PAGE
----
Monday, September 6, 2010

That's Not Fair!

From early in our childhood we seem to be innately incensed when our ideas of what is fair are violated. "He got four cookies and I only got one. That's not fair"! "Hey! He broke in line. That's not fair"! Interestingly, as I have aged I have become aware that the child that was me who yelled those very sorts of protests hasn't really changed that much; only his perspective.

The changed perspective grew out of the grappling with the root of the protest and its implications. Such a root necessarily involves a reference point and an ought. The reference point is normally always self while the ought is an appeal to objective truth in the pursuit of justice. The perceived unfairness of someone else getting more cookies is not what is being challenged. It is the unfairness of someone getting four cookies in reference to the fact that I only got one. Such an injustice ought not be. While, generally speaking, accrued years does not remedy this problem for us, especially as it pertains to our base emotions, they should at least cause us to gain a little perspective. The extent to which this happens would seem to depend on one's worldview. This truth can be demonstrated by the basis upon which one attempts to answer questions like these:

  • Can a person at once proclaim that there is no objective truth and a thing isn't fair?
  • What is the base [nominal?] amount of cookies a child receives that qualifies as universally "fair"? Should they both get four cookies? or one? Perhaps, after justly dividing their cookies evenly, they proceed to enjoy them while blissfully ignorant of the great injustice they are incurring because someone somewhere is eating a whole bag.
  • What about the child to whom a bowl of flour and oil would bring tears of joy. Should he instead feel cheated?
  • Ought not it also be an ought, in light of an appeal to objective truth in the name of fairness, that the child suffering the social injustice take his appeals for justice to the next level and refuse to enjoy his cookies until everyone has partaken in the just amount of cookies?
  • What will any of it matter five generations hence or when the sun burns out?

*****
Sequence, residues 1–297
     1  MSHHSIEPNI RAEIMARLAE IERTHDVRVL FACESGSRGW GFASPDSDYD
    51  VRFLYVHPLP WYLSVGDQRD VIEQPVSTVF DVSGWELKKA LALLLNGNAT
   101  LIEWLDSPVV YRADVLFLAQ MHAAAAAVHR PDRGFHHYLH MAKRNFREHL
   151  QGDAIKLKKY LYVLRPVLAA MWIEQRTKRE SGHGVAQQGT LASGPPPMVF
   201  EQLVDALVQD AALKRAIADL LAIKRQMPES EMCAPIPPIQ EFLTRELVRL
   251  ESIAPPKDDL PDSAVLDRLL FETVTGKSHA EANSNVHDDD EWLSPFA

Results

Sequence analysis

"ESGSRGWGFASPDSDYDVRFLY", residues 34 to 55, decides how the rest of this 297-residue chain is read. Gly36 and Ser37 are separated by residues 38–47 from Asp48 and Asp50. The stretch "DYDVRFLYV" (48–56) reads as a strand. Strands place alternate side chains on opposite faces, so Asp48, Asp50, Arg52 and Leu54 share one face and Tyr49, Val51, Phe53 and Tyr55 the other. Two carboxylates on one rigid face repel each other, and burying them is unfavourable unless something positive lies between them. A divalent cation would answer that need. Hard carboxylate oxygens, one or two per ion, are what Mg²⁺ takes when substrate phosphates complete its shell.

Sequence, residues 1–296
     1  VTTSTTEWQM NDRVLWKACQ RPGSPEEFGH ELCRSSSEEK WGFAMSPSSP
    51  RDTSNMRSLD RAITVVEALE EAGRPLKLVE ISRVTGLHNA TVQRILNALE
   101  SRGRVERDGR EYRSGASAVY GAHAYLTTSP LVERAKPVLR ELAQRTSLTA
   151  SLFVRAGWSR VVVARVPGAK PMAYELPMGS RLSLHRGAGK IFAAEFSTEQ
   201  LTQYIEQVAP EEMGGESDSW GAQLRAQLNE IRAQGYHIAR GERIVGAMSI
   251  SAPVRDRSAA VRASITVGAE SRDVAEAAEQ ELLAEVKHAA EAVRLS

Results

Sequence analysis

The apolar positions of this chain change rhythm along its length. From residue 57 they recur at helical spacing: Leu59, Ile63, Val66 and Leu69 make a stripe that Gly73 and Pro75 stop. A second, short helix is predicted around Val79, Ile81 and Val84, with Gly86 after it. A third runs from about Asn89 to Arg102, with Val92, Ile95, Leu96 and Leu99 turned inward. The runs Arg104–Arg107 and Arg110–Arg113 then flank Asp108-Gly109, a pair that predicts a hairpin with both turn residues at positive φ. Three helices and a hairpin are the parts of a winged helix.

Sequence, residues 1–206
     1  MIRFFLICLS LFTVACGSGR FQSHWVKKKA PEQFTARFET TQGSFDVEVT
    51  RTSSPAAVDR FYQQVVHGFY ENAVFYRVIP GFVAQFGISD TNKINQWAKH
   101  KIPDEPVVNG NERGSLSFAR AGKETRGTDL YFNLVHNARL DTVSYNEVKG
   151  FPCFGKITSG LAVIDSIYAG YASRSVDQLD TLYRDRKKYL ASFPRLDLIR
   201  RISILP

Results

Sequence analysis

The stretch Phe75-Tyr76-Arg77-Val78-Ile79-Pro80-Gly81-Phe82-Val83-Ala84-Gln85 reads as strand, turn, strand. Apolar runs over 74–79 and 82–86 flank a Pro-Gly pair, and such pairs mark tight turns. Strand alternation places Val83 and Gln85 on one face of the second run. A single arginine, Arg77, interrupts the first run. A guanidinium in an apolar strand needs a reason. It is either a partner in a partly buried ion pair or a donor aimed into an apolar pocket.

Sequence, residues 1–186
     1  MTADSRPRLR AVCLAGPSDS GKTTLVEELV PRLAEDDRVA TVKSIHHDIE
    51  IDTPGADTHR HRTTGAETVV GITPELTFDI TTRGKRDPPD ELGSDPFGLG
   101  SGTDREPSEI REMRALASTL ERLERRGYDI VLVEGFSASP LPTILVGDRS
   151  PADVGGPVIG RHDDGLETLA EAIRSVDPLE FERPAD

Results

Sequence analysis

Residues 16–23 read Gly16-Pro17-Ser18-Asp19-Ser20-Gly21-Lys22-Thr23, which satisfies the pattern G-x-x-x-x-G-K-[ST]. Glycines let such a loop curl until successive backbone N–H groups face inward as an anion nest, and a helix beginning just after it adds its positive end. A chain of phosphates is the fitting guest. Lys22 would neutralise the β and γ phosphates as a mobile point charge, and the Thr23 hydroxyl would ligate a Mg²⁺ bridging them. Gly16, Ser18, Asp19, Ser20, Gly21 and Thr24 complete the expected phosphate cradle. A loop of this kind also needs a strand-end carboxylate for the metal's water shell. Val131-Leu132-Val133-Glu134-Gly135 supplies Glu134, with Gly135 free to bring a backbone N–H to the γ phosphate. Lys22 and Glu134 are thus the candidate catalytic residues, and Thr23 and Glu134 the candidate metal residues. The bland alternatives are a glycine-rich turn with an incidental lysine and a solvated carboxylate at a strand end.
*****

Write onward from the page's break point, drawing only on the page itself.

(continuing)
The secular humanist worldview, which is the predominate Western worldview of Christian and non Christian alike, when it makes appeals for justice--and it most definitely does--necessarily must root itself in cognitive dissonance to address these questions. He must, on the one hand, claim that there is no such thing as objective truth; that right and wrong are mere social constructs; that the concept of sin is an artifact of the past; that our very existence is the result of spontaneous and random events, while on the other hand assert that we ought to help the poor; that stealing is not always right; that killing is never right (if the person is born); that we oughtn't lie; that we oughtn't pollute the planet; that we oughtn't torture animals; and so on.

The Christian worldview, on the other hand, can answer these questions without contradictions. It proclaims that, not only is the world not fair, but that there is nothing that man can ever do to change that fact due to his condition brought about by an innate denial of a universal reference point. It also proclaims that, not only is there a source of objective truth that sovereignly decrees and judges what is fair and what is not, the greatest injustice happened when man was redeemed from his injustices. This truth thereby precludes man from making the charge of unfairness based on man's point of reference. It is not obvious in this current age, but there was a time in Western culture that these truths were somewhat universally understood and accepted. They were articulated with words like providence, lot, contentment, and His will; and in a negative sense, covetousness.

It is not my intended point here that the necessity for a logical and consistent worldview proves the existence of God, but rather that the claims for the nonexistence of God renders any cries for fairness and justice as ex nihilo and absurd. It IS my point however that the answer to protests of unfairness, such as those lodged by the current "social justice" horde, is the same as the one I give my seven year old. "You're right... It isn't.... be glad."


Susan said...

M. Scott Peck in his book "The Road Less Traveled" begins the book with the sentence "Life is difficult." We can aptly also say, "Life is not fair." And once we accept that life is difficult and life is not fair, then it becomes less difficult and less unfair.

As Christians, we who have been given it ALL - Eternal Life - through no effort of our own must learn as Paul did to be content in WHATEVER state the Lord chooses to place us in. It is a life long process of learning that but true contentment comes when we gain some knowledge and insight into that reality.

Stan said...

My mom never let me forget this. To me outraged cry, "That's not fair!" she would reply, "Who ever told you life was fair?" An important lesson.

Fredd said...

'If life were fair:'

1. Old, fat bald ugly guys would anchor all the news desks, and host all the game shows.

2. Homely, fat dumpy gals would win all the beauty pageants.

3. Old, fat, short bald guys would start at center for the New York Knicks.

Yeah, if only life were fair. Obviously, it ain't.

Kathy said...

I was gonna post on this SAME topic, and you beat me to it! That's not fair!

Craig and Heather said...

"Your right... It isn't.... be glad."


I think you're right in that the secular humanistic mindset has infected the church. Even as an adult, I find it hard to remember that life isn't fair--and that it's not an entirely bad thing.

It's easy to get caught up in counting, squabbling over and redistributing cookies while ignoring the fact that, from God's perspective, none of us deserves any.